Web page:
As Interviewed By Tallulah Beaty, April 16, 2017
"So, because we were still segregated, there were places we couldn’t go, there were things we couldn't do, and so my parents and their peers all got together and figured out ways we could still have those things, just in a segregated way."

Introductory Profile: About E.N.

My interviewee chose to go by the initials E.N. She works with my dad for an IT section, and I got in touch with her through him. She is a middle aged African American woman. She grew up and currently resides in Austin. She has lived in several different states, and has travelled abroad before. She has been married twice before and has one son who is grown. She is usually a more quiet, reserved person but on this occasion she was more than willing to speak openly about her experiences. Her father ran a funeral home in Austin, but while she was growing up her parents were both educators or teachers for segregated schools in Austin.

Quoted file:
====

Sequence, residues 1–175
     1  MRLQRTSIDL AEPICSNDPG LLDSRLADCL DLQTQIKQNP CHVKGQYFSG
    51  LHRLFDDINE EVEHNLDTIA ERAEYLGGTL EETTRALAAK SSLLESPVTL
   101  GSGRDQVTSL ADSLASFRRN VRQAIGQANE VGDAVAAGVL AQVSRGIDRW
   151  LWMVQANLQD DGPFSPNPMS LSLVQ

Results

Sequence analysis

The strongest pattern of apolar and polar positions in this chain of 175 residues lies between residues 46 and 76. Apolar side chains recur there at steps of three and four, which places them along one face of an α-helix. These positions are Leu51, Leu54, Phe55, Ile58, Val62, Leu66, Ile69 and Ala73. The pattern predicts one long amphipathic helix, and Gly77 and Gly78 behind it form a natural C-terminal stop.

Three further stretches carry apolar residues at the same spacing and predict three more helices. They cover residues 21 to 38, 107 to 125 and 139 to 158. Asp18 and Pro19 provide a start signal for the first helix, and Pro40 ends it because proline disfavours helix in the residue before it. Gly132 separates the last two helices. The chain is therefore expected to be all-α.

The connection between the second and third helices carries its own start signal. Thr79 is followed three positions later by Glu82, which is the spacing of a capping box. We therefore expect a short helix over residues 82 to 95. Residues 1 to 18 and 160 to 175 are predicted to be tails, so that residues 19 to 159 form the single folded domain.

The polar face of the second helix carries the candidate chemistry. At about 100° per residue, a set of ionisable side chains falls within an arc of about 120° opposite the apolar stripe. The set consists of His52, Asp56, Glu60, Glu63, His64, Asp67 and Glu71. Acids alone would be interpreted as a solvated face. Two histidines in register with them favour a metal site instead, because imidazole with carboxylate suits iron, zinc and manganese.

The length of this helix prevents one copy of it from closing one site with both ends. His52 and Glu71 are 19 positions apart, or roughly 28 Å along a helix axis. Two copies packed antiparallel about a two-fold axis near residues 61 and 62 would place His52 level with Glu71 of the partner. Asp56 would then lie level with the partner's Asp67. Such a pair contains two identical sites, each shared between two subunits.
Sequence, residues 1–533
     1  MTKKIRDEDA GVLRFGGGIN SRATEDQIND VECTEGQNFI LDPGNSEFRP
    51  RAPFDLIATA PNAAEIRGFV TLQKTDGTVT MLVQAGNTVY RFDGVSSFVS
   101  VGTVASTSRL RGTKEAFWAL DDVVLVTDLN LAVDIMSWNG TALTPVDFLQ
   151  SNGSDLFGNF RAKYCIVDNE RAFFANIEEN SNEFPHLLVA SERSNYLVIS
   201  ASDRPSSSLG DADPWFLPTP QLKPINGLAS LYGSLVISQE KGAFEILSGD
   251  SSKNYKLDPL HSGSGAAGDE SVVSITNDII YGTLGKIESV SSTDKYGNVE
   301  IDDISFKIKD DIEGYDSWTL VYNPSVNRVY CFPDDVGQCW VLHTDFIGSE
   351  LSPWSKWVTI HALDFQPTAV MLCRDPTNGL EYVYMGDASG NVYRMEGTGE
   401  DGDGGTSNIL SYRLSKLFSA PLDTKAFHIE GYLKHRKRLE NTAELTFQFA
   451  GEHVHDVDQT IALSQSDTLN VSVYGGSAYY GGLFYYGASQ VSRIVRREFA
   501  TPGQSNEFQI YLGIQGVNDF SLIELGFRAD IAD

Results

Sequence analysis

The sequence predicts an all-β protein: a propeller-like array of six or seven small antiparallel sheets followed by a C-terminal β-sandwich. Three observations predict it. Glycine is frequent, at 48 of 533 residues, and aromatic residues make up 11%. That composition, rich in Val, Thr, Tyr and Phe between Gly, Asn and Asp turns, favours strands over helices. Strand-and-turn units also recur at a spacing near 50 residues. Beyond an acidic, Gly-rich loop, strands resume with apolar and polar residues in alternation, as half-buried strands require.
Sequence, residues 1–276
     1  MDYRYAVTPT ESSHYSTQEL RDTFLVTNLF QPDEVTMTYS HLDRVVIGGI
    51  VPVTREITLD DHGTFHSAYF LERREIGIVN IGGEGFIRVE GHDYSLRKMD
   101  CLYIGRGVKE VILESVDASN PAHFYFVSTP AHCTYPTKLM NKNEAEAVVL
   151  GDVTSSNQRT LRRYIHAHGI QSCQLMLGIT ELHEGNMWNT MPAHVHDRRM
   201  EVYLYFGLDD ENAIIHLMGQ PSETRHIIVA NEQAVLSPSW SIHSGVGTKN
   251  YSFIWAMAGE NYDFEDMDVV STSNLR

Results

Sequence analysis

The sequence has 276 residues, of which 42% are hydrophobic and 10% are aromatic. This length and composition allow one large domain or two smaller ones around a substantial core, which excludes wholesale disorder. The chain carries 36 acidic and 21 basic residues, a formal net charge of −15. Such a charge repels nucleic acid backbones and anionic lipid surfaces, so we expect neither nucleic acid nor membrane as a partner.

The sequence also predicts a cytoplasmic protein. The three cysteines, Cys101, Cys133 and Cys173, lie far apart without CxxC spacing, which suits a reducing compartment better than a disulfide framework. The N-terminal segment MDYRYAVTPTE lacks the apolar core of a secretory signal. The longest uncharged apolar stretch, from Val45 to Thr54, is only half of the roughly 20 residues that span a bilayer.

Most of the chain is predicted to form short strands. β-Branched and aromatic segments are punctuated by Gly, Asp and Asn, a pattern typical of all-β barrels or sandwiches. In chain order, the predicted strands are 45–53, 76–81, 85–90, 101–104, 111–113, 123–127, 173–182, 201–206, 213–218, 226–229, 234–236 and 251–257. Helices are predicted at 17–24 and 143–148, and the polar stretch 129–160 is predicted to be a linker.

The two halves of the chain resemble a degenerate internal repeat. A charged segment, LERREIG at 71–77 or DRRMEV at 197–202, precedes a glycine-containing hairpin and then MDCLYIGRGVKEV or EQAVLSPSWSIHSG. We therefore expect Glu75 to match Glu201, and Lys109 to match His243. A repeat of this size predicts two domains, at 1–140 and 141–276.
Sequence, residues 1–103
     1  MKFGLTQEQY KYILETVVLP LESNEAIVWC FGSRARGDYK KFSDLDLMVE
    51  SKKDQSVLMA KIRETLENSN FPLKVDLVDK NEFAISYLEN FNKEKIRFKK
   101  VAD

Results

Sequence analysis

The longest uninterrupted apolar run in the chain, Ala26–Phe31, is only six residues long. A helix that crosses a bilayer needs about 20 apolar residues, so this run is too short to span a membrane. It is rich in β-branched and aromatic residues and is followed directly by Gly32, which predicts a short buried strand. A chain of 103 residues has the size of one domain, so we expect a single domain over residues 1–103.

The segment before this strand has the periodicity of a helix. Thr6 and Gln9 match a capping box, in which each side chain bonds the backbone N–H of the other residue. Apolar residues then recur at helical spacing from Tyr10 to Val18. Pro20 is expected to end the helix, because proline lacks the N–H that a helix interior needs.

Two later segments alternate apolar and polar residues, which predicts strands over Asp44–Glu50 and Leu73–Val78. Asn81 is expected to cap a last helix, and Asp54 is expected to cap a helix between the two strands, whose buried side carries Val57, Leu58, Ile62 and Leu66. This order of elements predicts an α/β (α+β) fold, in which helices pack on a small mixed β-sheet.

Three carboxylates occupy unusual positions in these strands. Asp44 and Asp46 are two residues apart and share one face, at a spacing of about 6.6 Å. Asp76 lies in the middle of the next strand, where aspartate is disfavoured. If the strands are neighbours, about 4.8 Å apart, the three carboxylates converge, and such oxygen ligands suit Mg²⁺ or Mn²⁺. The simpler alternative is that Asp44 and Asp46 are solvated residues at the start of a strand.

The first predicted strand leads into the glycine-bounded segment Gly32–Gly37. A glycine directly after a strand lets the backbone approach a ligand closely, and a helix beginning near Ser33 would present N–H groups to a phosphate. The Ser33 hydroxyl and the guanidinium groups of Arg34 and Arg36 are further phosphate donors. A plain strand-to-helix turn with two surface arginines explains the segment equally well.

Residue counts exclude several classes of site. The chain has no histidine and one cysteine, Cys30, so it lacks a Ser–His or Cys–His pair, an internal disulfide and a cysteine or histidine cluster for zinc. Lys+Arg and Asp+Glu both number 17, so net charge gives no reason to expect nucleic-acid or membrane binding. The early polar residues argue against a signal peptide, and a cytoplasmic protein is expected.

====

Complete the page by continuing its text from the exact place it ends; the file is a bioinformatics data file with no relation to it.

During the interview, we talked about going to segregated schools, living in East Austin, travelling to other states during segregation, going to college, organizations for African Americans, and how segregation in Austin has changed throughout the years. The tone was relatively light for such a complex situation. I think she was able to talk about it openly because, as she noted several times, she was better off than some of her other African American friends and peers. She was very interested in telling her story, and it was both engaging and interesting. I feel as if I got the story from a different perspective, and this helped me learn more about segregation in Austin and what it was like being a young African American in that time period.